A Super Rare Tick That Makes People Allergic To Meat Has Been Found In This Canadian Province
A bite from the tick makes the recipient allergic to alpha-gal, a carbohydrate found in red meat!
If there’s one thing to put you off the warm Canadian summer, it is all of the creepy crawlies and critters that emerge out of nowhere, just in time for you to put on your shorts and t-shirts. This is certainly the case for a veterinary practice in southern Ontario, who are warning Canadians to be aware after they came across an extremely rare tick last week. The tick, which is not native to this country, is known to have the strangest effect on humans... this tick makes people allergic to meat.
The Oakridge Animal Clinic in London, Ont. is asking Canadians to be on high alert, after finding the rare tick that can give humans an allergy to red meat, specifically. Speaking to CTV News, veterinarian Dr. Gillian Egli said “It's a very scary tick. It carries diseases that can be transmitted to dogs, but also to humans.”
The London veterinary practice said they learned about the bug after a woman found it on her cat. The tick, known as a ‘Lone Star’ tick, is not native to Canada and now vets are becoming concerned that these ticks are living locally in the area. The clinic confirmed that, as the cat with the tick did not have any travel history, meaning it must have picked up the tick in Canada.
In a post on their Facebook page, the Oakridge Animal Clinic warned “This tick showed up today. She caused quite a stir. Not native to Canada there have been rumours of the Lone Star Tick being found in Ontario. This was our first one. This shows why tick protection is important for your furry family members.”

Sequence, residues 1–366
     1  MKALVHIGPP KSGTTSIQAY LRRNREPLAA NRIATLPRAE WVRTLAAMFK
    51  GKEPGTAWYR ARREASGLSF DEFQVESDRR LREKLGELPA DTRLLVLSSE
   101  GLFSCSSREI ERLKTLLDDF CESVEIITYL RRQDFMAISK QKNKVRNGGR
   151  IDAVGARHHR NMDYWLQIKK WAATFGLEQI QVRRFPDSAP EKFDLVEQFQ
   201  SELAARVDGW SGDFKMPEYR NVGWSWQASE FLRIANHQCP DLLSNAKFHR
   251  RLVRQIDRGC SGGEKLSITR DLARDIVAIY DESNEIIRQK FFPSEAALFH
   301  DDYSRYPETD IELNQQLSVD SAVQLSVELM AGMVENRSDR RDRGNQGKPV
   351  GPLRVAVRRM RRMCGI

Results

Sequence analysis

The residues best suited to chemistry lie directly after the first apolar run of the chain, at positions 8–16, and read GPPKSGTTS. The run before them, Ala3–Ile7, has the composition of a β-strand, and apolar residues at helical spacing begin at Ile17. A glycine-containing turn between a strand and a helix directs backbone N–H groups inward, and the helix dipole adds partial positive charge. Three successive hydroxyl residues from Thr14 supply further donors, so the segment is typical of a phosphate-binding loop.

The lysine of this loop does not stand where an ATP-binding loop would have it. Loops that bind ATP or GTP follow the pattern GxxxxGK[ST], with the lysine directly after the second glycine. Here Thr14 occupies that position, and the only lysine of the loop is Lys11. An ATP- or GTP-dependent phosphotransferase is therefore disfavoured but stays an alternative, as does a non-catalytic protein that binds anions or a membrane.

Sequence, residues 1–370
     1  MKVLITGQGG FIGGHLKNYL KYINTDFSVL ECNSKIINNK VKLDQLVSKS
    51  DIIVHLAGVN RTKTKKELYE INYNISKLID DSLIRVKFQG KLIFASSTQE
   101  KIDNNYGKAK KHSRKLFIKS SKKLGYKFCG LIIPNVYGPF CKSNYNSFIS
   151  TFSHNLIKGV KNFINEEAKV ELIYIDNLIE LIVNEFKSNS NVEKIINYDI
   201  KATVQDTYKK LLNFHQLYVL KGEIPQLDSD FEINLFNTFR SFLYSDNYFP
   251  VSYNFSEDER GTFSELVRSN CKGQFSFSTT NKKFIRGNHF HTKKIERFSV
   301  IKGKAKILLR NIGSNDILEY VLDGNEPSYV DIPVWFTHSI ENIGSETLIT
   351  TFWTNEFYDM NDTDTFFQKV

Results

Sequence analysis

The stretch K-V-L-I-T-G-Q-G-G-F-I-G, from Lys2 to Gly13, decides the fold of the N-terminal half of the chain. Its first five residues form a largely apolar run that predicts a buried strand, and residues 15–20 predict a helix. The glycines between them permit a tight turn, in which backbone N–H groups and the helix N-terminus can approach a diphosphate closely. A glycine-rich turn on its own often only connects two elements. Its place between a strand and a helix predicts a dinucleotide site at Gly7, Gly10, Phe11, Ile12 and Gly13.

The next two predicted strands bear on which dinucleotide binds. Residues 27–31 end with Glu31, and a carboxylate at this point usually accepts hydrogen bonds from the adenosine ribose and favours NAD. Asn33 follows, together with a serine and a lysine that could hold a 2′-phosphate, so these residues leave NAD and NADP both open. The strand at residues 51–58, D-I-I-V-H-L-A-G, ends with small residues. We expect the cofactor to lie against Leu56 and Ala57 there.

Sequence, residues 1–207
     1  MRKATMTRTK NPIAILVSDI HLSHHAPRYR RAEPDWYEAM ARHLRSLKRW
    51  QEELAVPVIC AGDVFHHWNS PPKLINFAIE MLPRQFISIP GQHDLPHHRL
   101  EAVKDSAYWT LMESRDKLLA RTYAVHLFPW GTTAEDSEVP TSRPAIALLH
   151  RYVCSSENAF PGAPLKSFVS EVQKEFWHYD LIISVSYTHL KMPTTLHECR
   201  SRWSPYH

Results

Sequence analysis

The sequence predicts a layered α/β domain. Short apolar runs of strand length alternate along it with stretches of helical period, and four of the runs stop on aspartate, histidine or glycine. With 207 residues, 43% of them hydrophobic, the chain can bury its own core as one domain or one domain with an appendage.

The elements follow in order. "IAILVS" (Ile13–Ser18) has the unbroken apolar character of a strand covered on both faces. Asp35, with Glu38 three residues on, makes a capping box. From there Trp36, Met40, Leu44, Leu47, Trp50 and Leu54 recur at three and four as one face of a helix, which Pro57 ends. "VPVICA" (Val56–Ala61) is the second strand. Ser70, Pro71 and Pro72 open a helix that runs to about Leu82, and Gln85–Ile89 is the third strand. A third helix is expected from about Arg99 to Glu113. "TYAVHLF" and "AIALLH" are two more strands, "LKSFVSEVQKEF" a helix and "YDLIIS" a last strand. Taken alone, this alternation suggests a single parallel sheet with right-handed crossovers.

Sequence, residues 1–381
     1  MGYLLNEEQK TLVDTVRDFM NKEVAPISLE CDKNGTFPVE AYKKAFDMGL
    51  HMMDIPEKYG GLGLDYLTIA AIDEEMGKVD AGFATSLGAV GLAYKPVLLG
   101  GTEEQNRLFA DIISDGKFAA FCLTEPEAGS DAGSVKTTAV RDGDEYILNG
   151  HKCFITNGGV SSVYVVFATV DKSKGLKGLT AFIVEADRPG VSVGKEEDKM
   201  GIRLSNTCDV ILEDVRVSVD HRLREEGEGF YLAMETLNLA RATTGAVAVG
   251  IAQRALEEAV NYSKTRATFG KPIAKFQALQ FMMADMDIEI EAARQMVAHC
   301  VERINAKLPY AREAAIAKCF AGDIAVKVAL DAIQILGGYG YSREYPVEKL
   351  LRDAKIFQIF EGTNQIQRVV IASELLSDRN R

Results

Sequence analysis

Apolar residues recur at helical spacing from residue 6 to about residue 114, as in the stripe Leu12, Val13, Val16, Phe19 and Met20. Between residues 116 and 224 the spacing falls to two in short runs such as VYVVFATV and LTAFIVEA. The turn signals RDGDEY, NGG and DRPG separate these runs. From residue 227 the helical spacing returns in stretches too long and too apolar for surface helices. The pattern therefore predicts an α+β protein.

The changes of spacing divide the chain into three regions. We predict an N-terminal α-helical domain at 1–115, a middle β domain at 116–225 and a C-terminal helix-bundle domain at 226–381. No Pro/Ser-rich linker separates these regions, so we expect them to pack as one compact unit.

According to reports, Lone Star ticks are native to southeastern areas of the US and Mexico, but are being increasingly discovered in Canada. It is believed that they arrive in the country on the backs on migrating birds. While scientists can’t explain why, a bite from the Lone Star tick gives the recipient an allergy to alpha-gal, a carbohydrate that is found in red meat.
Reports are saying that reactions to meat after the tick bite can range from hives, vomiting, and diarrhea, to more severe reactions, including anaphylaxis. Sufferers become unable to eat all kinds of red meat, including beef, lamb and pork, and once you have been affected, there is no known cure for the meat allergy.
Ontarians on Twitter have been reacting with horror after the tick has been found in their local area, with one user saying "Ruh-roh! That's a little close to home. Can you imagine becoming allergic to meat?
#NightmareScenario." Another user joked "Mother Nature is done playing when it comes to climate change."
According to Jeremy Hogeveen, who is the vector-borne disease coordinator with the Middlesex-London Health Unit, ticks are incredibly smart, and know exactly where to hide on a human body. He noted that “They start to move into areas where you’re not going to look too often - your armpits, your scalp, behind your ears and behind your knees.”
If that isn’t enough to give you the heebie jeebies and convince you to wear your long pants and bug spray this summer, I don’t know what will!